Fake Cyberpunk 2077 Android app infects gamers with ransomware

by Gabriel E. Hall - -

CoderWare ransomware is behind the scam: researchers note that it is easily decryptable

Fake Android app Cyberpunk 2077

The much anticipated Cyberpunk 2077 computer game was released on December 10, and cybercriminals were well aware of it. They were quick to abuse the launch for their own benefits, and the fake Android version of the game arrived just a few days after the original's release. The instance of malware being distributed as disguised mobile versions of popular games is not unique – Fortnite,[1] Valorant, and other games were similarly abused by hackers before.

The malicious binary is distributed via a spoofed Google Play Store website that looks identical to the original one, making malware delivery a much easier task. Threat actors also included fake reviews, ratings, and every other aspect of the original store to make the scam more believable. As soon as users would tap the download button for the alleged “Cyberpunk 2077 Mobile (Beta),” a ransomware code would be executed on the device instead.

Gamers who were tricked into installing the fake Android version of the game had their files encrypted and renamed with .coderCrypt extension. Victims would be shown a popup which claimed that CoderWare was installed on their phones and that they are required to forward $500 worth of Bitcoin within 10 hours to the attackers, or otherwise the data would be deleted permanently.

Luckily, the CoderWare/BlackKingdom ransomware was used with a hardcoded key, which means that all the files can be decrypted with decryption software and without the intervention of cybercriminals. Tatyana Shishkova, a researcher who discovered the new malware campaign, pointed out:[2]

RC4 algorithm with hardcoded key (in this example – “21983453453435435738912738921”) is used for encryption. That means that if you got your files encrypted by this #ransomware, it is possible to decrypt them without paying the ransom.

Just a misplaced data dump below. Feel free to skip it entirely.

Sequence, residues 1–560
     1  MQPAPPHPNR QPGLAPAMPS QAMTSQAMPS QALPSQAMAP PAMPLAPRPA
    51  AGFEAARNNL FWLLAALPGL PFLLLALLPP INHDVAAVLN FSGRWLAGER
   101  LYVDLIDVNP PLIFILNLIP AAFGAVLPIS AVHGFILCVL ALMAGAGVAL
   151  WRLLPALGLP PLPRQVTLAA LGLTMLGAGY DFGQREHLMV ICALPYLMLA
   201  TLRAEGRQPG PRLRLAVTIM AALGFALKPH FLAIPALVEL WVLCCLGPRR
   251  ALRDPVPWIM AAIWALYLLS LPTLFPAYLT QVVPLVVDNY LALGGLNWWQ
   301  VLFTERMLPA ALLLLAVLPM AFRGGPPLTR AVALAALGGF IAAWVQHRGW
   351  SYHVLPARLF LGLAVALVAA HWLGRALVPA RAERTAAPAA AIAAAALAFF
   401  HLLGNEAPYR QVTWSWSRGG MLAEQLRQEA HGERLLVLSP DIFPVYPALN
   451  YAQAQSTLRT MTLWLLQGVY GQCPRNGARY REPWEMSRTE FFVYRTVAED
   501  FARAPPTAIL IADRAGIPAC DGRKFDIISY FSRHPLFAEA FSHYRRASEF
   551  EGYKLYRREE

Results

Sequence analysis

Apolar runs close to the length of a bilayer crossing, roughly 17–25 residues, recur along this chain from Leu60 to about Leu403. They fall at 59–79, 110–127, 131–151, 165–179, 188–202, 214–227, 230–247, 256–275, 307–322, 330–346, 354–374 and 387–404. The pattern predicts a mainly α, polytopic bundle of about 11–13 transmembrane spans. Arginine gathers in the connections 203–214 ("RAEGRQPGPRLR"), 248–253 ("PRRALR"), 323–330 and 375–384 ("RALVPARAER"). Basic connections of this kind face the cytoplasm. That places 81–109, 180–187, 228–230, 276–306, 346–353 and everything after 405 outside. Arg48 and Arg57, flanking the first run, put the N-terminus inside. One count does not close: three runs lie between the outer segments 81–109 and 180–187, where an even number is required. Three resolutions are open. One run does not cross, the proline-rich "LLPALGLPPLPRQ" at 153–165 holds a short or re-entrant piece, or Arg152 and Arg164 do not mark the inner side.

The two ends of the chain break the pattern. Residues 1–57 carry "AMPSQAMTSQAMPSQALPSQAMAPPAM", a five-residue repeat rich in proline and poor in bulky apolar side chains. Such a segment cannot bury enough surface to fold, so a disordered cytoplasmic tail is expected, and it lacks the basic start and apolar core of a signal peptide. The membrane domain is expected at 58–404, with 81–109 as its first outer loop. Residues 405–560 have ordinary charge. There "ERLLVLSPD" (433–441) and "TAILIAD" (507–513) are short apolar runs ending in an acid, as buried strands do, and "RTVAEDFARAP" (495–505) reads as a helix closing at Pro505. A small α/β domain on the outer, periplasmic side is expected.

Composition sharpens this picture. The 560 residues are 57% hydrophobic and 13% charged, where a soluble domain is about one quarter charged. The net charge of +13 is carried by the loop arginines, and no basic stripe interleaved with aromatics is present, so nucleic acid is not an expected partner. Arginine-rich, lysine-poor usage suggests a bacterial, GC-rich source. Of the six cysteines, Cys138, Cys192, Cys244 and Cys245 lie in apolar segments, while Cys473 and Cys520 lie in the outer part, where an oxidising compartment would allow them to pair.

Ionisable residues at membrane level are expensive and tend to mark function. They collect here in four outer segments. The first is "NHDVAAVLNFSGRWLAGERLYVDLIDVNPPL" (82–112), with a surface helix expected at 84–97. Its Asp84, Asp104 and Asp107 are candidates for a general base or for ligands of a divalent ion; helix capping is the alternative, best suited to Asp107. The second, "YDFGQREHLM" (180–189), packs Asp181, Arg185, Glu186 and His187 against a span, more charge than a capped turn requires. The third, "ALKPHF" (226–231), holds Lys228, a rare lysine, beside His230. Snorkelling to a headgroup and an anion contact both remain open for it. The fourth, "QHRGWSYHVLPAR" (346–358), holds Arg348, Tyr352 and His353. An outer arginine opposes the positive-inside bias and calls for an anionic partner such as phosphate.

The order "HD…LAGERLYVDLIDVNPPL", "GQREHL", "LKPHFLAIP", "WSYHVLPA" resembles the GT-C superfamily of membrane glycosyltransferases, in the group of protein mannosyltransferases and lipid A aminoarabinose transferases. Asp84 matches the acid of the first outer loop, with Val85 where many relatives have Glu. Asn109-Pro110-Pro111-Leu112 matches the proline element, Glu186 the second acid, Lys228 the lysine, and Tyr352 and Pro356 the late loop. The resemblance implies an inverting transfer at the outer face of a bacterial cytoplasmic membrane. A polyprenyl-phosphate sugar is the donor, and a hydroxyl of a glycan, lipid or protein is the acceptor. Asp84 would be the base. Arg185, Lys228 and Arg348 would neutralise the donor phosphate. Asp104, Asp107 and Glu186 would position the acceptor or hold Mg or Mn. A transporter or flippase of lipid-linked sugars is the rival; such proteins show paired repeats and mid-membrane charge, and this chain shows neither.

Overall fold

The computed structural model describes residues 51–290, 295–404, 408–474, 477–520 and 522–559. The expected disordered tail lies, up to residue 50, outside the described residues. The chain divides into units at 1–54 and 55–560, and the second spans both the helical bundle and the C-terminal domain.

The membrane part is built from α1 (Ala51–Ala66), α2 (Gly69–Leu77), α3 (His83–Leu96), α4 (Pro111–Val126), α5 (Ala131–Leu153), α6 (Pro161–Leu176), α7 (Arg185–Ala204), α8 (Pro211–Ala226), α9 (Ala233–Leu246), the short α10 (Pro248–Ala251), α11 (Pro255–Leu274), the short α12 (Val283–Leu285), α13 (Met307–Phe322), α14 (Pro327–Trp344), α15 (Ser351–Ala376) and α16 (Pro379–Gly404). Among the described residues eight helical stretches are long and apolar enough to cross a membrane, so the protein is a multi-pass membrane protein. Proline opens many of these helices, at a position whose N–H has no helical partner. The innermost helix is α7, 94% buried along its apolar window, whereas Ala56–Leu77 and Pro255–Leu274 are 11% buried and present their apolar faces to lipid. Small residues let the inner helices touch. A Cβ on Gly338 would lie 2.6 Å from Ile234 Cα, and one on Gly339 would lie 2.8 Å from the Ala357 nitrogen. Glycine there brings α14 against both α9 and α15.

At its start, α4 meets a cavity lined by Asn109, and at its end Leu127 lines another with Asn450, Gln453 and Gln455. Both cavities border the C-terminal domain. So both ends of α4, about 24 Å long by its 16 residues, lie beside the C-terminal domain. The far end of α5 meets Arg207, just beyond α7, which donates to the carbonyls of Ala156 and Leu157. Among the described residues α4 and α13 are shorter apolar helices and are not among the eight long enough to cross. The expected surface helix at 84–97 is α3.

Scammers abusing Cyberpunk 2077 hype is a recurring phenomenon

The fake cell phone game disguised as a popular computer game isn't an isolated incident. In 2019, way before the original game was even introduced, a fake installer[3] was offered in torrents, warez, cracks, and similar sites. Instead of getting the Cyberpunk 2077 game, users' computers were infected with various malware, including Racoon trojan.

Earlier this year, at the end of November, another fake installed was detected,[4] but that one spread ransomware. It appended all encrypted files with .DEMON extension, and unlike the fake cell phone game, it is unknown whether the hardcoded key was used in its coding and the data was decryptable without the hackers' interference.

Right before the game was released, several hoax websites emerged around the web, as reported by Kaspersky.[5] Allegedly, players were offered a free Cyberpunk 2077 copy, and all they had to do is complete a survey that would provide them with an activation key. Of course, this was a scam once again, and the attackers managed to snatch personal user information, later using it for nefarious purposes.

All this just reiterates the importance of not trying cracked or pirated game versions because users might end up with a lot more than they expected. Instead, gamers should rely on the official release versions, currently available on Steam, GOG, Epic Store Launcher, and Xbox stores.

Cyberpunk 2077 release disaster

Cyberpunk 2077 is possibly the most anticipated game of the year, if not a decade. As much as players waited for the game, many were largely disappointed with weak AI, lack of customization options, and other in-game features. This was just the tip of the iceberg since the performance of current-gen consoles (PlayStation 4 and Xbox One) was disastrous – FPS drops, crashes, and errors were common occurrences. The in-game glitches were also very prevalent, ruining the immersion for many.

While the developer CD Project Red already released two patches (1.04 and 1.05) that addressed many of the technical issues on both PC and console versions, Sony decided to pull out the game from its digital store until further notice and is now offering refunds for everyone who bought Cyberpunk 2077 via the digital store. There is yet no date on when Sony will resume sales on the platform.

Even though the developer promised to bring the game up to standard, gamers should not look for “Cyberpunk 2077 Mobile (Beta)” versions around the web, as it would most certainly result in malware infection. CDPR has plenty of work to do while trying to fix the game on all platforms and has no intentions of releasing it on neither Android nor iOS devices.

About the author
Gabriel E. Hall
Gabriel E. Hall - Passionate web researcher

Gabriel E. Hall is a passionate malware researcher who has been working for 2-spyware for almost a decade.

Contact Gabriel E. Hall
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